Woods apologizes in statement
Alex Miceli discusses the latest developments with Tiger Woods and predicts when Woods will return to the PGA Tour.
THOUSAND OAKS, Calif. – In a sweeping statement on his Web site that touched on several aspects of the turmoil that has swirled for almost a week, Tiger Woods seemed to concede that taboid reports of his infidelity are true. But at the same time, Woods vehemently denied that domestic physical violence played any role in his now-infamous accident last Friday morning.
“I have let my family down and I regret those transgressions with all of my heart,” Woods wrote. “I have not been true to my values and the behavior my family deserves.”
The statement was released earlier this morning, the same day that Us Weekly published a story in which a 24-year-old Los Angeles woman, Jaimee Grubbs, claims she has carried on a 31-month affair with the golf superstar – starting the week after the 2007 Masters and two months before Woods' wife, Elin, gave birth to their first child. Grubbs claims to have proof in 300 text messages. What accompanies the story is a voice mail reportedly from Woods to Grubbs in which he indicates his wife is on to their affair.
“I am not without faults and I am far short of perfect,” Woods wrote. “I am dealing with my behavior and personal failings behind closed doors with my family. Those feelings should be shared by us alone.”
Later in the statement, Woods condemns published reports in which his wife, Elin, may have used physical violence. “Elin has always done more to support our family and shown more grace than anyone could possibly expect,” he wrote.
In the voicemail released by Us Weekly, a man says to Grubbs:
“Hey, it’s, uh, it’s Tiger. I need you to do me a huge favor. Um, can you please, uh, take your name off your phone. My wife went through my phone. And, uh, may be calling you. If you can, please take your name off that and, um, and what do you call it just have it as a number on the voicemail, just have it as your telephone number. That’s it, OK. You gotta do this for me. Huge. Quickly. All right. Bye.”
The Associated Press could not confirm Woods was the caller.
The complete statement on Woods’ Web site:
“I have let my family down and I regret those transgressions with all of my heart. I have not been true to my values and the behavior my family deserves. I am not without faults and I am far short of perfect. I am dealing with my behavior and personal failings behind closed doors with my family. Those feelings should be shared by us alone.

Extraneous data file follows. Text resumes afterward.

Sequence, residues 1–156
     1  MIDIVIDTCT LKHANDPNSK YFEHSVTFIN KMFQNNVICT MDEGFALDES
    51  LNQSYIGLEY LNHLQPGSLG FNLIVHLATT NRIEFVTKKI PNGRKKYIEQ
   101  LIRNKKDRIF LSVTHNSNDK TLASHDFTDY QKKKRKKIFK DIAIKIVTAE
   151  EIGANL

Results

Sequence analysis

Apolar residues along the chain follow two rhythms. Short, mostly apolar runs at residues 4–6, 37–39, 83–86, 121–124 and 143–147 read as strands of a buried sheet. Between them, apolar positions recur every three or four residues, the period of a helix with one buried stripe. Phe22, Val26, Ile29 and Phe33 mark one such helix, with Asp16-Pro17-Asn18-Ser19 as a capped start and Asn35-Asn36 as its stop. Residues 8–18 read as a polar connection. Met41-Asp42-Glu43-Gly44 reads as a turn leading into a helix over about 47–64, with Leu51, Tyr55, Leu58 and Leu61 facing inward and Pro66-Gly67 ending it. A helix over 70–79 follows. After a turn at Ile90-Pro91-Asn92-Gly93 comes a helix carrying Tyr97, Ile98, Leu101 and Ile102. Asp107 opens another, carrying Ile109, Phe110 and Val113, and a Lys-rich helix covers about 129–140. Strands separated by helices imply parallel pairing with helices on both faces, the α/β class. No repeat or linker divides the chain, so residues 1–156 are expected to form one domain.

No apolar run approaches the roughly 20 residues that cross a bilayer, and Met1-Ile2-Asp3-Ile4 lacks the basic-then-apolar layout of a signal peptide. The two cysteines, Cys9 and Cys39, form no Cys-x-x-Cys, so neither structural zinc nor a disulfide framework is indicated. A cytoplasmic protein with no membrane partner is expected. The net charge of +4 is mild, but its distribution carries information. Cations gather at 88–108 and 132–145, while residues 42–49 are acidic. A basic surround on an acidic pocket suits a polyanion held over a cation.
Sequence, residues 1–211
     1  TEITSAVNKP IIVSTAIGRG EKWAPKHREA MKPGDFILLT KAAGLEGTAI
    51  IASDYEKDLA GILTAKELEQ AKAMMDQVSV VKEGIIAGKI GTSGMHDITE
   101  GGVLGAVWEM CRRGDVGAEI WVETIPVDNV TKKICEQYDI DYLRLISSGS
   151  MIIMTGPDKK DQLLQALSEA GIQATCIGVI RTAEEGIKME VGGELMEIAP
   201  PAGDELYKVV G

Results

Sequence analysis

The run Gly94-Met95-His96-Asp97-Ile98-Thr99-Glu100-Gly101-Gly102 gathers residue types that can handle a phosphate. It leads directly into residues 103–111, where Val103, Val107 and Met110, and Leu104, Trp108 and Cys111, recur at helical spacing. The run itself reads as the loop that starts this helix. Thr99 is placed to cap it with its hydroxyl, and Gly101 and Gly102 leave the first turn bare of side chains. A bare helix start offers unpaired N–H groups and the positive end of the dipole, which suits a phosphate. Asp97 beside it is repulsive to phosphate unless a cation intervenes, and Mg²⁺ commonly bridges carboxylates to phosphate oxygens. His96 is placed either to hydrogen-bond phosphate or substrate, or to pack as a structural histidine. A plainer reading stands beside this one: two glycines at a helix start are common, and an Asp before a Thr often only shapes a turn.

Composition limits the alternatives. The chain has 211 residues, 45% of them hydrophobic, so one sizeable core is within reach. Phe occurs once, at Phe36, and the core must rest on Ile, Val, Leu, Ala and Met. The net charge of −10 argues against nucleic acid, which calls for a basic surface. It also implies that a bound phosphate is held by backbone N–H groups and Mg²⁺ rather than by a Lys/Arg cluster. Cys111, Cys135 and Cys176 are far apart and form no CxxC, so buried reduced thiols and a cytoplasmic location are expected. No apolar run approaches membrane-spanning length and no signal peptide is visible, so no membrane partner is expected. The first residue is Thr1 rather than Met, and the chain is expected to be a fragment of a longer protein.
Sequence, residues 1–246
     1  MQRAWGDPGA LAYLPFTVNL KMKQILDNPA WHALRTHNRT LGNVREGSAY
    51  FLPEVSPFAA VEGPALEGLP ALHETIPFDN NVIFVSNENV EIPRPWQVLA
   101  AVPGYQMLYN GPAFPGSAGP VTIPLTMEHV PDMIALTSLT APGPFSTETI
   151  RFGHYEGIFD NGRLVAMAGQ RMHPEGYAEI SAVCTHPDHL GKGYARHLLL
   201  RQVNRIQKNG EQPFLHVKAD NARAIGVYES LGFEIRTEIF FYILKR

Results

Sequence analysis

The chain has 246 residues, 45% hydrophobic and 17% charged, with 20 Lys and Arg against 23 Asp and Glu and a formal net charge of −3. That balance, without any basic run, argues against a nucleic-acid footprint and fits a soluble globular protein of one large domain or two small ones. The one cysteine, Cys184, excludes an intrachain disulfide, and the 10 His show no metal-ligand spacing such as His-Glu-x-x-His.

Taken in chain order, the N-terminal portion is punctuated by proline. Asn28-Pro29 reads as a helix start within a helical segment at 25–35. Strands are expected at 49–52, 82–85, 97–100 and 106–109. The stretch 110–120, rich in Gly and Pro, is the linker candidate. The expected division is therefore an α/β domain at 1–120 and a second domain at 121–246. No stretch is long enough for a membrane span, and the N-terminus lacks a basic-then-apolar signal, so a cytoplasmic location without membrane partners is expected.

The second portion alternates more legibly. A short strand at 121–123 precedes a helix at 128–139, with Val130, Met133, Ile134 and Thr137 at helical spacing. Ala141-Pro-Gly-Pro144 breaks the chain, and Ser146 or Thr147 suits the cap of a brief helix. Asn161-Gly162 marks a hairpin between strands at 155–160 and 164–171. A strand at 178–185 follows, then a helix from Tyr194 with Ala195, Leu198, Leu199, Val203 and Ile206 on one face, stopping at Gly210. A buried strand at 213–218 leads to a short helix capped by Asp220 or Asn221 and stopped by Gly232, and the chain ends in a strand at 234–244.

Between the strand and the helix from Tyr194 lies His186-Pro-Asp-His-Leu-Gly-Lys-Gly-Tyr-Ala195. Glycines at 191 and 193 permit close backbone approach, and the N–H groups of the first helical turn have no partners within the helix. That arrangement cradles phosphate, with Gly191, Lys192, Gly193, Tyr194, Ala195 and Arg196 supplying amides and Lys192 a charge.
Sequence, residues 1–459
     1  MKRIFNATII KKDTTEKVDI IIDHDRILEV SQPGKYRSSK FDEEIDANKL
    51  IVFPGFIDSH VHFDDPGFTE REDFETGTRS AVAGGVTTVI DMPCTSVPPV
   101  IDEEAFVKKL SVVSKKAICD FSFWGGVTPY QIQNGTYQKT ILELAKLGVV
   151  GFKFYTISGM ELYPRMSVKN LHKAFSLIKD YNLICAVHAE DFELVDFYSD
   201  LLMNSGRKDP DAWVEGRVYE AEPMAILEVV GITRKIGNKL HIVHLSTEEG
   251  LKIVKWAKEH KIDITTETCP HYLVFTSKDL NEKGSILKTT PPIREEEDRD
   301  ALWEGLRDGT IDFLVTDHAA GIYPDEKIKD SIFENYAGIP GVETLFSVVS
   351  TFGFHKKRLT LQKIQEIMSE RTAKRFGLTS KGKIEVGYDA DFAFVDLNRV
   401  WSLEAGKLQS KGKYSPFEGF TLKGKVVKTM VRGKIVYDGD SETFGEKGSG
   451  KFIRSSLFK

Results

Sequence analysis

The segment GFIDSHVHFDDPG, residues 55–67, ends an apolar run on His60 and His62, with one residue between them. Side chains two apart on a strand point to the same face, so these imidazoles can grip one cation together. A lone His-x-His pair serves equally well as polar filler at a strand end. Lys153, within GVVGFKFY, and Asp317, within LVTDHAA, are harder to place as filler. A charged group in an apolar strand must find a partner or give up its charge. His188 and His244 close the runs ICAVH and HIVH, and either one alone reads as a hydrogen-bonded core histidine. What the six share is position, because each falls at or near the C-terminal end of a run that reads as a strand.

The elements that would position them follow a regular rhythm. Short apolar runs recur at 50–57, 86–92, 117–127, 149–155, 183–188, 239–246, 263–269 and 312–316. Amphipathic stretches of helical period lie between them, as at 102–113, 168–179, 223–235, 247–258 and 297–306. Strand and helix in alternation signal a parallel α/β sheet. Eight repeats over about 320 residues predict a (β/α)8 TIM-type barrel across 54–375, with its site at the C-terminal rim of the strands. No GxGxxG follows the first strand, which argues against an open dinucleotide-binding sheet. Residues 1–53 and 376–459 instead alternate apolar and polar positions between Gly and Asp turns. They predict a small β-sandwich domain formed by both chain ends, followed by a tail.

Tiger Woods’ Florida Traffic Crash Report
Florida Traffic Crash Report (6 pages) from Tiger Woods’ Nov. 27 car crash.
“Although I am a well-known person and have made my career as a professional athlete, I have been dismayed to realize the full extent of what tabloid scrutiny really means. For the last week, my family and I have been hounded to expose intimate details of our personal lives. The stories in particular that physical violence played any role in the car accident were utterly false and malicious. Elin has always done more to support our family and shown more grace than anyone could possibly expect. But no matter how intense curiosity about public figures can be, there is an important and deep principle at stake which is the right to some simple, human measure of privacy. I realize there are some who don’t share my view on that. But for me, the virtue of privacy is one that must be protected in matters that are intimate and within one’s own family. Personal sins should not require press releases and problems within a family shouldn’t have to mean public confessions.
“Whatever regrets I have about letting my family down have been shared with and felt by us alone. I have given this a lot of reflection and thought and I believe that there is a point at which I must stick to that principle even though it’s difficult.
“I will strive to be a better person and the husband and father that my family deserves. For all of those who have supported me over the years, I offer my profound apology.”